And she'd actually asked her husband, another esteemed economist, and showed this report to him, and he said, you know, you're making a fundamental mistake by putting an actual number in this economic forecast. And her response to that was, well, you know, if we make a mistake on this economic forecast, and we're at 8 percent unemployment, I think we're going to have a lot bigger problems, you know, to deal with than that I got the chart wrong.
DAVIES: Right, but in the end, that number got cited by the administration's opponents again and again, right?
GRABELL: Exactly. That became the central thing, where people have said, you know, that the stimulus package did not - the stimulus package failed. You know, that's the thing they have pointed to.
DAVIES: Now a lot of Democrats say the original sin, I mean, the kind of fundamental flaw with the stimulus program, that it was too small to have the kind of big impact that was necessary to fight this recession. Now, this was, you know, a point of view not unknown to the Obama team that was crafting this. Why didn't they seek a bigger stimulus plan?
GRABELL: They didn't seek a bigger stimulus plan mainly because of politics. And a lot of it was true; definitely the feeling that Congress would not stomach a package over $1 trillion. And if they went in with a number like that, they would have been seen as this new liberal administration that - where spending was out of control. So they were looking at a smaller package.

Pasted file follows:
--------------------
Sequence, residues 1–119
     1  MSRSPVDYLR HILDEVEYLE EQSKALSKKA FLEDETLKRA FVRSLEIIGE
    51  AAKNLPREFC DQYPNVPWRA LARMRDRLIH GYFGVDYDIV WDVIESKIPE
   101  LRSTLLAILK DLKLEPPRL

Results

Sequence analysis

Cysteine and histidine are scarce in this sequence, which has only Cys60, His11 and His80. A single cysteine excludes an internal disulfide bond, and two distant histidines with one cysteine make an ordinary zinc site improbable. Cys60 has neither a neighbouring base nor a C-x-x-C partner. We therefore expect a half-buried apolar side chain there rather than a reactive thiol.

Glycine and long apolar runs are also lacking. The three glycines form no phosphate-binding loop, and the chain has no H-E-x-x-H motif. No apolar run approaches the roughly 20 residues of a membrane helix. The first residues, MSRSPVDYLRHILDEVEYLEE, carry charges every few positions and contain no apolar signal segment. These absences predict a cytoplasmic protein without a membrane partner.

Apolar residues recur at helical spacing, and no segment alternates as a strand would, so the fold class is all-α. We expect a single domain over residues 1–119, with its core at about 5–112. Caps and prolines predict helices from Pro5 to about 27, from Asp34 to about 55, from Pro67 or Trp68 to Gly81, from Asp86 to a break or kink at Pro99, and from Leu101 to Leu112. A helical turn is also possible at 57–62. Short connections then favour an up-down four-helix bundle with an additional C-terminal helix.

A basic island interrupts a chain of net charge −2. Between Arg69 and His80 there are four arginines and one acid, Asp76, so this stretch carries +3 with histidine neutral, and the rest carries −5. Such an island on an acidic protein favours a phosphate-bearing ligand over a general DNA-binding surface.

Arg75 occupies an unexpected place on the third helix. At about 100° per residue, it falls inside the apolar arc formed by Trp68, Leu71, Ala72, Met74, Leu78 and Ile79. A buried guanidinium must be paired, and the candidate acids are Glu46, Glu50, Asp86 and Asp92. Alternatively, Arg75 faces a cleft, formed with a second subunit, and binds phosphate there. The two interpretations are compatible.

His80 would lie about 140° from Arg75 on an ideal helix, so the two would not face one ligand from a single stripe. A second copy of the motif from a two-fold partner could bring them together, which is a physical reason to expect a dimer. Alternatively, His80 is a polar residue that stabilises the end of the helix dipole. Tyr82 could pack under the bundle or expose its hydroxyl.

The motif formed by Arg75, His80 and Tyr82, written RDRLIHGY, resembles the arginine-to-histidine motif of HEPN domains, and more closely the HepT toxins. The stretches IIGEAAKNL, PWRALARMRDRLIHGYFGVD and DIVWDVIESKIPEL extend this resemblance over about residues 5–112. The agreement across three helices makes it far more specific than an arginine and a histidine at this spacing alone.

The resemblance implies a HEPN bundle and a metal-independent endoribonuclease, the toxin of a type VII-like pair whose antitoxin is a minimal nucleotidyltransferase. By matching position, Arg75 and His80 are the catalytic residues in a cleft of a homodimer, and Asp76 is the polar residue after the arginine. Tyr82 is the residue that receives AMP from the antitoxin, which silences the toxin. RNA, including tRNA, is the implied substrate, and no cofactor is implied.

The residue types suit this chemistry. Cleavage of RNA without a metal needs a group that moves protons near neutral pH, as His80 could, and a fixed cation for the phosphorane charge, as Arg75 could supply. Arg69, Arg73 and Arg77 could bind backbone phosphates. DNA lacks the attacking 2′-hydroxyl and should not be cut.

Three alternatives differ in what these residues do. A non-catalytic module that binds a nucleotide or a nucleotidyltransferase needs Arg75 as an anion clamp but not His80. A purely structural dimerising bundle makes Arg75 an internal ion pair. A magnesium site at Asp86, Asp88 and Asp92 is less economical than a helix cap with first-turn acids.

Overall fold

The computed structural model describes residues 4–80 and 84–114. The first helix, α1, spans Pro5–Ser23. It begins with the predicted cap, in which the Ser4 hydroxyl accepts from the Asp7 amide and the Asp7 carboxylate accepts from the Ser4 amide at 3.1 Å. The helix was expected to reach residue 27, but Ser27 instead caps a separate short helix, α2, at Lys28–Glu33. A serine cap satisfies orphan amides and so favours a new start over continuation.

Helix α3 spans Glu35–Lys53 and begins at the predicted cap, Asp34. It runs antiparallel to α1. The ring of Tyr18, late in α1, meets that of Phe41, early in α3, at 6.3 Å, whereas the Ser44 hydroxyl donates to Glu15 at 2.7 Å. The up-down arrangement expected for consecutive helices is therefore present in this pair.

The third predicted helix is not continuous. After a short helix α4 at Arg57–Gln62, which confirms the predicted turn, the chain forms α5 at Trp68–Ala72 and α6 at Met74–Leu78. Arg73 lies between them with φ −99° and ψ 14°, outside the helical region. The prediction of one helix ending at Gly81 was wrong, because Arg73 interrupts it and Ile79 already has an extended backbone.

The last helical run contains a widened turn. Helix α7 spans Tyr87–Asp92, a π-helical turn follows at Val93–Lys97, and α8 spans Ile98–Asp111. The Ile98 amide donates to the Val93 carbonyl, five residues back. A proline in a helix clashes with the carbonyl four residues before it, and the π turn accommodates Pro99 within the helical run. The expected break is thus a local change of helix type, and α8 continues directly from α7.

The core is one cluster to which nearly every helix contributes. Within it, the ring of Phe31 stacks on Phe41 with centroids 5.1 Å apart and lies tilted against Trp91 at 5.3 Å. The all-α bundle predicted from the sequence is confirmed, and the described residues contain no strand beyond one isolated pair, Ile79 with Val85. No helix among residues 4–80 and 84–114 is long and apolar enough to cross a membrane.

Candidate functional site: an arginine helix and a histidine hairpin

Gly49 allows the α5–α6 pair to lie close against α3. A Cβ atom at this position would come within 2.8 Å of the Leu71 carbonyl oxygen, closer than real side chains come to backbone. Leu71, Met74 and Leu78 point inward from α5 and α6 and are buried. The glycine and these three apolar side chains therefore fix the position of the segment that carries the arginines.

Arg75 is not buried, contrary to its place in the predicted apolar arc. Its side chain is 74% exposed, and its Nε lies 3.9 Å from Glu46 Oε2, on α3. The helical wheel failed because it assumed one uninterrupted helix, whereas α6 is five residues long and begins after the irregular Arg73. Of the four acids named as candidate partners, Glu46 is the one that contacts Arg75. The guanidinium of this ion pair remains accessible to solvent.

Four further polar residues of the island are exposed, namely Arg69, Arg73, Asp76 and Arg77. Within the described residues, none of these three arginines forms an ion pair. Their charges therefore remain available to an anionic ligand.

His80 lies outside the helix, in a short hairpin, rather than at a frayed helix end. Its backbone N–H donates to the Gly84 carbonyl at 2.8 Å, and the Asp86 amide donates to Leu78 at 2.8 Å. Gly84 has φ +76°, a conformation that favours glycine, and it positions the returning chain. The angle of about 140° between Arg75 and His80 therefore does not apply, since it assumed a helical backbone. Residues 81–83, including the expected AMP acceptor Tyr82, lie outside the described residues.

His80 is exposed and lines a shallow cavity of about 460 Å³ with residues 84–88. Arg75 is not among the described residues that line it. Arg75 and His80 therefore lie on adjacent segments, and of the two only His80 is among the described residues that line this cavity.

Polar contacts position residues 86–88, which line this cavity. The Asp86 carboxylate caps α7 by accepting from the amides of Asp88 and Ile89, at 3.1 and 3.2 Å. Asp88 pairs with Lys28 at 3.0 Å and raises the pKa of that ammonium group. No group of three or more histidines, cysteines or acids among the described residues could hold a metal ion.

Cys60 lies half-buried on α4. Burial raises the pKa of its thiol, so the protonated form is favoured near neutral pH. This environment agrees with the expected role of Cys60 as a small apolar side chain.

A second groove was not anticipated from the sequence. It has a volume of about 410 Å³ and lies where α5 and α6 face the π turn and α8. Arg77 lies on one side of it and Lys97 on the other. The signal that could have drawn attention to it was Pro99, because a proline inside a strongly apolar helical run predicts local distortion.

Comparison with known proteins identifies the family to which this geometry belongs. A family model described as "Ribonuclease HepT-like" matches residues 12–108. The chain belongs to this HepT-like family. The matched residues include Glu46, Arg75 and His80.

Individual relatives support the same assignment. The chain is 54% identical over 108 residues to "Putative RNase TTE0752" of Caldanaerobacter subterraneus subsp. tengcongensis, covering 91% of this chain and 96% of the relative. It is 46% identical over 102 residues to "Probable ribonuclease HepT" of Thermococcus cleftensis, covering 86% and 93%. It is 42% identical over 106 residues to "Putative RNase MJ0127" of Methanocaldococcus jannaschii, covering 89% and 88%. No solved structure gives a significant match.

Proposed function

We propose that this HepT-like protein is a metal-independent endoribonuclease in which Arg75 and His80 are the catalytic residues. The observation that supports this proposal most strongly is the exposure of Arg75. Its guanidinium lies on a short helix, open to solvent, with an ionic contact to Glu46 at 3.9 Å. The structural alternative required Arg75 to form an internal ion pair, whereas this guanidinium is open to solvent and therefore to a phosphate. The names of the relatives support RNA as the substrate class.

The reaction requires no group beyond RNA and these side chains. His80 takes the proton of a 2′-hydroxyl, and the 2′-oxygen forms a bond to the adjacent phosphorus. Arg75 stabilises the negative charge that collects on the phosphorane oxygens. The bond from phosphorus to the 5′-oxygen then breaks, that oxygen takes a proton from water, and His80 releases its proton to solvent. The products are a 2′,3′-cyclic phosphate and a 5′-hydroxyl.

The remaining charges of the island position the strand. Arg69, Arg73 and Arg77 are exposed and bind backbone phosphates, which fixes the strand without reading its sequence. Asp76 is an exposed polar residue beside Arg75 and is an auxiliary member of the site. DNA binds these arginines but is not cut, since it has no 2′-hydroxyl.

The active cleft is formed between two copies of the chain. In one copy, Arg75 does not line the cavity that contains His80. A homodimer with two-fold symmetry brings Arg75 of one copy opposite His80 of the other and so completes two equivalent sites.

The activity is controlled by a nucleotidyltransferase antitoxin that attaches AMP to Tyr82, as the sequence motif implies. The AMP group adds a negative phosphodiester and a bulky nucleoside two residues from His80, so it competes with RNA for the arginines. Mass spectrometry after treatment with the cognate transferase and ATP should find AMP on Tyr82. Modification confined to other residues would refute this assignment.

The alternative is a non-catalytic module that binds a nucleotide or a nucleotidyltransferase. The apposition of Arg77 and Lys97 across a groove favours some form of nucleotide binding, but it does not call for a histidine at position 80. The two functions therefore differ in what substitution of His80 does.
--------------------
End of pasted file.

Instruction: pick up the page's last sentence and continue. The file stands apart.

You know, there's been a lot of talk about how Obama had ignored a suggestion from Dr. Romer to put in, you know, to pass a $1.2 trillion stimulus package. But it didn't really receive a lot of attention in the early meetings.
In the book, you know, I make the argument that the real problem was not that Keynesian economics, the whole stimulus theory, is an outdated theory, as the right would argue, and it's not that the stimulus was too small, as people on the left argue. It's really that it was poorly designed.
If they had come in with a package that was much better designed and better received, there might have been room for another stimulus effort that could have gotten us to over $1 trillion in the fall of 2009. But they didn't take advantage of that.
DAVIES: Now the Republicans in Congress had their own ideas for a stimulus plan, mostly tax cuts, I guess. Did the Obama team include them? And how did that work out?
GRABELL: The Obama team came in with this gesture of saying we're going to make the package a third tax cuts, and it was seen as, you know, the showing of good faith to bring Republican votes over. But it was offered a little bit too soon. The Republicans - you know, there was this big meeting with Eric Cantor, and he, you know, laid down, you know, some key things they wanted in the stimulus package. No taxes on unemployment benefits is one of them, a homebuyer's tax credit was one of them.